“On Mon. Oct. 1, the Quarterly Meeting for the circuit was held: peace and harmony prevailed; and it was found that above five hundred and fifty had been added to the society during the year.”
Sat. Oct. 27, Mr. E. writes :- -“ I find my animal frame
liable to be indisposed, like an instrument out of tune. My Master's work is my delight; and yet the poor body does not bear as formerly its fatigue. This is a strong intimation to me, that I am on the decline, and loudly calls upon me to get ready to put off the harness. The Sunday work of this circuit pinches me, especially in Bradford, where we preach three times, besides Sacraments, Society-meetings, &c. I feel willing to spend and be spent in this work. I can say,
My life, my blood, I here present,
Thy will be done, thy name ador’d.' “Dec. 1.—The unavoidable interruption of my regular studies and private preparations for public work, arising from my office of Treasurer of the Schools, has been a cross to me; and so many hours spent almost daily in acknowledging the receipt of remittances, &c. has not
been profitable to my mind. I bear it as my cross for Christ's sake. Methodist preachers have too much to do with secular affairs; and it seems a necessary part of our system. My soul, however, ardently desires to do every thing heartily, as unto the Lord. O may I die to the world, and may all I have and am, be given unto the Lord !
“Dec. 31.–Our Quarterly Meeting was held ; many friends were present.
The brethren expressed a strong and unanimous desire for my labours a third year; to which I consented, if the Conference approve of it. I never found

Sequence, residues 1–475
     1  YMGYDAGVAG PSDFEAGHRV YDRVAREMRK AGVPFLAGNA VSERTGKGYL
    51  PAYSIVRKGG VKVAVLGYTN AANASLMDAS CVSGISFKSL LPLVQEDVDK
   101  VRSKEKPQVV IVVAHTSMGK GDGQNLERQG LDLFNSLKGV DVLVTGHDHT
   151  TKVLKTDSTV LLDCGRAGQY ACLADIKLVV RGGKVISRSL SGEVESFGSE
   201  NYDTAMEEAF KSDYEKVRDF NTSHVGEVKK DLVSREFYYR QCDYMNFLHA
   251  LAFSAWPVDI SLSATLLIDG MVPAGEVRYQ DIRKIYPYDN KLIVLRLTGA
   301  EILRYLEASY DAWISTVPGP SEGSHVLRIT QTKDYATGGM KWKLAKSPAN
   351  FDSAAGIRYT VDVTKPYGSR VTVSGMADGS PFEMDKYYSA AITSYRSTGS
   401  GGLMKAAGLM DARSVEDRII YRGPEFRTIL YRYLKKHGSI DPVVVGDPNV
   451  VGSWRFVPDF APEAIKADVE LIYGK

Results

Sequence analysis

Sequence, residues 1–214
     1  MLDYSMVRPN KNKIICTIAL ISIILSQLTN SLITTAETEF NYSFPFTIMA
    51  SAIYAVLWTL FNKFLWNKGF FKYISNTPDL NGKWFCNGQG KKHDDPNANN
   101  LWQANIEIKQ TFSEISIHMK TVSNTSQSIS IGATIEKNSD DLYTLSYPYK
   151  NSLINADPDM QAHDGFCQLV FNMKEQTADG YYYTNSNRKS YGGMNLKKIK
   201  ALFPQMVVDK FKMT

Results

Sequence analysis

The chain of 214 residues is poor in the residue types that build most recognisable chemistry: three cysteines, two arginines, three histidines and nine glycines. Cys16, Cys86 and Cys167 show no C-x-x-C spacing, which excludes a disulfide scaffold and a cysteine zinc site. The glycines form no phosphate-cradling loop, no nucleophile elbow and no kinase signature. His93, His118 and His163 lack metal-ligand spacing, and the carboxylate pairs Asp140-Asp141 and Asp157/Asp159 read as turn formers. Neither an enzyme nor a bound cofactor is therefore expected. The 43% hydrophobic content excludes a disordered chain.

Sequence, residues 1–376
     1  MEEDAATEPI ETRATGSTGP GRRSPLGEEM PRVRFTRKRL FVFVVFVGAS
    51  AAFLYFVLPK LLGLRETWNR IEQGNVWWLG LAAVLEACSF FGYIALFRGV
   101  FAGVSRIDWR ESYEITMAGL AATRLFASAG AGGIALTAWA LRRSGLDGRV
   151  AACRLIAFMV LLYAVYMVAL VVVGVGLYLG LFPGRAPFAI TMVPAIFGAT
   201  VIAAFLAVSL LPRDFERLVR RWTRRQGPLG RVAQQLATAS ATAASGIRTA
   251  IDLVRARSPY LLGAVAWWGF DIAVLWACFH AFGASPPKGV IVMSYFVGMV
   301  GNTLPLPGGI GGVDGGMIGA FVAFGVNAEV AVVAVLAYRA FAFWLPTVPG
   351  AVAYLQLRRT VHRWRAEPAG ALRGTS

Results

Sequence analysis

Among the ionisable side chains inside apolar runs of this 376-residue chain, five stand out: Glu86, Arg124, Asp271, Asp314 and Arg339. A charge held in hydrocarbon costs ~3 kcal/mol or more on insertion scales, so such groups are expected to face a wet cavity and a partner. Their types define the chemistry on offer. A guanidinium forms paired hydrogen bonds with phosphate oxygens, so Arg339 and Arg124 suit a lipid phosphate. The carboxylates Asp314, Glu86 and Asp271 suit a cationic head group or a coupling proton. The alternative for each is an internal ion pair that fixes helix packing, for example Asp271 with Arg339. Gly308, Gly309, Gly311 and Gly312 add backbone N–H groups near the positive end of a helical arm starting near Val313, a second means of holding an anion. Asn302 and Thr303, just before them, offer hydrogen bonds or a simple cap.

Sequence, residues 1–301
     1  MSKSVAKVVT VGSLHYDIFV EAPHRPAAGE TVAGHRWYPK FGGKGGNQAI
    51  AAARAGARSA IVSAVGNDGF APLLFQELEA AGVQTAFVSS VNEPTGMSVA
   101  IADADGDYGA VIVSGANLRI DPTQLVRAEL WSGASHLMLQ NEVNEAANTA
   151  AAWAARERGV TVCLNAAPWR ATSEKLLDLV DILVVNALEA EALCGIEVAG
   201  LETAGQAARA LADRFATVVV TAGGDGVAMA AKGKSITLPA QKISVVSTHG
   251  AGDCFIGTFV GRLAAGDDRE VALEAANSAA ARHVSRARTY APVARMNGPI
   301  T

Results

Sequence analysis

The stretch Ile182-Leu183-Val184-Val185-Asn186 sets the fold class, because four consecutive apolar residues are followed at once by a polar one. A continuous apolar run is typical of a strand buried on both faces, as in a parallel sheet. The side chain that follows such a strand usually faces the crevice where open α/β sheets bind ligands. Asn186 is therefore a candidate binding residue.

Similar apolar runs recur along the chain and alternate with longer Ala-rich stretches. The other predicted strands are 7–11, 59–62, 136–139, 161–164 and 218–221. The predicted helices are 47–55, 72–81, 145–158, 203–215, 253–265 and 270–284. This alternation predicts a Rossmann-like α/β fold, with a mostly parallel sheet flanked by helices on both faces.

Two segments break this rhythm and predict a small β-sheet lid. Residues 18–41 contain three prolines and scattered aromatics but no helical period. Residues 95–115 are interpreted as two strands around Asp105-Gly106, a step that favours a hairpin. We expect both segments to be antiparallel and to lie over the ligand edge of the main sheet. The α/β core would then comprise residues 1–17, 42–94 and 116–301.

mind free to remain a third year before I trust this, if it take place, will be in the order of providence. The circuit suits my turn of mind: I have little formal visiting, which consumes much time to little profit in some circuits. I can enjoy retirement, and have time to read, write, pray, &c. and yet a wide field of action and usefulness. The late great increase in the society renders it desirable that one preacher should stay, and my worthy colleague must remove. If I remain, I trust the Lord will give me strength for my work both in body and mind.”
Mr. Entwisle felt much at the thought of parting witb his “worthy colleague,” the Rev. David Stoner; his respect for whom increased with his acquaintance with him. He was a most efficient helper to his superintendent, and his ministry was eminently successful. “Since I began to travel,” Mr. E. says in a letter to Mr. Hanwell, “ I have not known one man under whose preaching so many souls have been awakened, as under Mr, Stoner's."